July 15, 2024

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Intermittent fasting outperforms traditional drugs in managing early type 2 diabetes

4 min read

A randomized clinical trial has been conducted on Chinese adults with early type 2 diabetes to explore the effectiveness of an intermittent fasting meal replacement diet in controlling blood glucose levels.

The study is published in JAMA Network Open.

Study: A 5:2 Intermittent Fasting Meal Replacement Diet and Glycemic Control for Adults With DiabetesStudy: A 5:2 Intermittent Fasting Meal Replacement Diet and Glycemic Control for Adults With Diabetes


Type 2 diabetes has become a major public health crisis worldwide. According to the International Diabetes Federation report published in 2021, about 537 million adults are living with type 2 diabetes globally.

China has the highest prevalence of diabetes in the world. The country has witnessed a 56.6% increase in diabetic adults between 2011 and 2021. The current prevalence of diabetes in China is 12.4%. Moreover, about 50% of the Chinese general population is either overweight or obese.

Obesity and overweight are the major risk factors for diabetes development. It has been observed that an improvement in glycemic control and a reduction in antidiabetic drug dosage can be achieved through body weight reduction.

Meal replacement is a valuable weight loss strategy wherein a prepackaged food or beverage is substituted for one or more meals. Existing randomized clinical trials have shown that meal replacement is more effective than other diets in achieving weight loss.

In this randomized clinical trial, scientists have investigated whether a combination of a 5:2 intermittent fasting diet and a meal replacement diet can effectively control blood glucose levels and reduce body weight in obese or overweight Chinese adults with early type 2 diabetes.

The 5:2 intermittent fasting diet involves two nonconsecutive fasting days (one-fourth of the energy intake of a habitual diet) and five days of habitual intake per week.  

Study design

This randomized clinical trial was conducted on a total of 405 Chinese adults with newly diagnosed type 2 diabetes who had not used any antidiabetic or weight-loss drugs in the past three months.

The participants were randomly categorized into three groups, each receiving either metformin, empagliflozin, or 5:2 meal replacement. The treatment lasted for 16 weeks.

The participants in the 5:2 meal replacement group consumed one serving of a low-energy product instead of all three regular meals for two nonconsecutive days. On the remaining five days, they consumed breakfast and lunch according to their choice but had one serving of a meal replacement product for dinner.

Parameters analyzed after the end of the 16-week treatment period included glycated hemoglobin (a measure of glycemic control), body weight, anthropometric parameters, and biochemical parameters.

Important observations

The highest reduction in glycated hemoglobin level was observed in the 5:2 meal replacement group compared to that in the metformin group and empagliflozin group. However, no significant difference in glycated hemoglobin level was observed between metformin-treated and empagliflozin-treated patients.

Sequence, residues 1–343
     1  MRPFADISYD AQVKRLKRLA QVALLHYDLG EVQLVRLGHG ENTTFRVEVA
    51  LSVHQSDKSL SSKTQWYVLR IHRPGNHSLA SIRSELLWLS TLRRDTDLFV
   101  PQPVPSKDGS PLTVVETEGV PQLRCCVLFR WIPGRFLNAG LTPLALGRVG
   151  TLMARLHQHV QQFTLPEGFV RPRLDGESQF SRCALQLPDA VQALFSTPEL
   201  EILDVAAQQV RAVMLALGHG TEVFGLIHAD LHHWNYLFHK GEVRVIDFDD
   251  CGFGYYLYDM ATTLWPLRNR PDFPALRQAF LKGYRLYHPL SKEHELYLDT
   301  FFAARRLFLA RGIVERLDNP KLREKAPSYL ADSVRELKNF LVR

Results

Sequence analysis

Except for patients aged 60 years or above, the improvement in glycemic control due to 5:2 meal replacement was observed across all participants, including obese or overweight patients.  

The proportion of patients achieving glycated hemoglobin levels of less than 7% or 6.5% was significantly higher in the 5:2 meal replacement group compared to that in the metformin and empagliflozin groups.

About 76% of participants in the 5:2 meal replacement group maintained a glycated hemoglobin level of less than 6.5% at 8 weeks post-treatment. Fasting blood glucose level was also reduced by 30.3 mg/dL in the 5:2 meal replacement group.

A significantly greater reduction in body weight, waist and hip circumference, and systolic and diastolic blood pressure was observed in the 5:2 meal replacement group compared to that in the other two groups. 

Regarding safety profile, the 5:2 meal replacement was found to cause constipation in one patient and hypoglycemia in 8 patients, which could be due to a low-energy diet.

In the metformin group, 26 patients experienced mild gastrointestinal symptoms, and 8 patients had hypoglycemia. In the empagliflozin group, three patients experienced urinary symptoms, five patients had hypoglycemia, and one patient reported feeling thirsty.

Severe adverse events, including severe rash and hospitalization due to increased blood ketone levels, were observed in two patients in the empagliflozin group. However, these complications resolved after treatment.

Study significance

The study finds that a 5:2 meal replacement strategy for 16 weeks can effectively improve glycemic control and reduce body weight in obese or overweight Chinese individuals with newly diagnosed type 2 diabetes.

This dietary intervention exhibits higher efficacy in managing diabetes and obesity than two antidiabetic drugs, metformin and empagliflozin.

The study was conducted on diabetic patients who were not taking any antidiabetic drugs and had a glycated hemoglobin level of less than 9% at baseline. Moreover, the study interventions were implemented for a short duration. Thus, future studies are needed to determine the long-term efficacy of a 5:2 meal replacement diet in patients receiving antidiabetic drugs and having greater baseline glycated hemoglobin levels.

Overall, the study findings suggest that the 5:2 meal replacement strategy may be an effective initial lifestyle intervention for early managing type 2 diabetes.     


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